President Donald Trump said he will direct the Department of Veterans Affairs to postpone all debt collections and extend deadlines for benefits applications where possible in an effort to lessen the financial impact of the ongoing coronavirus pandemic on veterans and their families.

The pledge came at his daily press conference Thursday about the ongoing federal response to the fast-spreading illness, which has already infected at least 240,000 Americans and killed more than 6,000 others.

“We're making every effort to provide relief to our great veterans,” Trump said. “We take very good care of our veterans.”

Trump said he has instructed VA Secretary Robert Wilkie to use “any authority at his disposal” to deal with the benefits and collections issues. VA officials did not provide any immediate comment on the White House decision.

Numerous lawmakers have been pushing for the move for days, calling it a necessary step to protect already anxious and suffering veterans. On Tuesday, Senate Veteran’s Affairs Committee Chairman Jerry Moran, R-Kan., and ranking member Jon Tester, D-Mont., petitioned Wilkie to grant waivers for a host of benefits filing deadlines.

“The Department of Veterans Affairs has broad authority to waive many required deadlines under the law and we believe the current crisis warrants liberal provision of such waivers,” the pair wrote in a letter to the secretary.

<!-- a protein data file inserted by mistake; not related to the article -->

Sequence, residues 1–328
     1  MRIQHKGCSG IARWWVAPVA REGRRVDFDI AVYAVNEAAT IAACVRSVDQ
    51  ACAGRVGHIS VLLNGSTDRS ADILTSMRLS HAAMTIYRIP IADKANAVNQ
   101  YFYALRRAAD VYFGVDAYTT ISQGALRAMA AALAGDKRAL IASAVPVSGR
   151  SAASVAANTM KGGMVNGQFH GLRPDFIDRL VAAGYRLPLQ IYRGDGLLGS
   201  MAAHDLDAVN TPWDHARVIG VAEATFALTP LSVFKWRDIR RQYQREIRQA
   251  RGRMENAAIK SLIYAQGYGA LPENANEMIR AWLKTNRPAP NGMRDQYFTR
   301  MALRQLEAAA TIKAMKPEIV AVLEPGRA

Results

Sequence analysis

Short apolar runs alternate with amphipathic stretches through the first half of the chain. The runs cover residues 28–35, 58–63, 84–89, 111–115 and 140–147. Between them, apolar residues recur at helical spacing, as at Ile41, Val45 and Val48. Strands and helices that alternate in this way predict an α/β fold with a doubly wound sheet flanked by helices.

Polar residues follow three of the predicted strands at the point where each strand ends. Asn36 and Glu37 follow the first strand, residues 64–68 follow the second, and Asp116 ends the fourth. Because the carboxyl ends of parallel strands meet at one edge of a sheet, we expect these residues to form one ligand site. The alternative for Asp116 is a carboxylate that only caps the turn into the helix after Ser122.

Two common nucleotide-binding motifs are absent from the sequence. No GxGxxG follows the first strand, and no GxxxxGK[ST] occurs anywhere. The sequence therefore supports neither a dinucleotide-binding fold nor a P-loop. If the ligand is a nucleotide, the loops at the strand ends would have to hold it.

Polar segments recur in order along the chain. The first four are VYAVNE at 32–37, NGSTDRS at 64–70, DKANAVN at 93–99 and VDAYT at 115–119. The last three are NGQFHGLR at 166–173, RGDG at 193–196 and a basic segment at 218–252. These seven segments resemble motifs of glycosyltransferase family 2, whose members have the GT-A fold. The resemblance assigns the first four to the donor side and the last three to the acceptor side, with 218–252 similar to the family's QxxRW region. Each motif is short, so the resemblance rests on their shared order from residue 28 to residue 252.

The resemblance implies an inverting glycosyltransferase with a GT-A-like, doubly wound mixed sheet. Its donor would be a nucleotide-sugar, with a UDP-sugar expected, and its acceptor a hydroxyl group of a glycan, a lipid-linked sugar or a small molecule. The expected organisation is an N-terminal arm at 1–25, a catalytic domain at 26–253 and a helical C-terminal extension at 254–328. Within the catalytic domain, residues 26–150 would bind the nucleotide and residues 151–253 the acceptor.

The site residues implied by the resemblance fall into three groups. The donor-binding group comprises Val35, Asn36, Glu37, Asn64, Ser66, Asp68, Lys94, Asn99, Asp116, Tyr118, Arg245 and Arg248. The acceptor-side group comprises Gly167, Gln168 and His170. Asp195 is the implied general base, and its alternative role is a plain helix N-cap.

Under current VA rules, veterans or veterans service organizations typically face tight deadlines for disability benefits applications to protest decisions or appeal rulings.

Tester and Moran have pushed for a suspension of all such deadlines for 180 days, and for all new benefits filings to have an effective date of March 31, 2020, so veterans aren’t penalized for unforeseen delays in processing appropriate forms.

“We hope we can continue working together ensuring veterans are not faced with an unfair choice: risking their health or receiving their benefits,” they wrote.

On Thursday night, veterans advocates offered cautious praise for Trump’s announcement.

“We must lighten the financial burden of veterans by suspending VA debt collections in the same way (the government) did for U.S. Treasury and U.S. Department of Education (debts),” officials from Veterans Education Success wrote in a Twitter post.

“While we’re hopeful, there are many outstanding questions. What does this exactly mean? When and how will this be implemented? How will veterans be notified?”

Trump said the veterans announcement was part of a broad array of moves to protect “Americans who remain the most vulnerable” amid economic and medical uncertainty.

According to VA data, 68 veterans in department health care have died from coronavirus-related complications in the last month.

Leo covers Congress, Veterans Affairs and the White House for Military Times. He has covered Washington, D.C. since 2004, focusing on military personnel and veterans policies. His work has earned numerous honors, including a 2009 Polk award, a 2010 National Headliner Award, the IAVA Leadership in Journalism award and the VFW News Media award.

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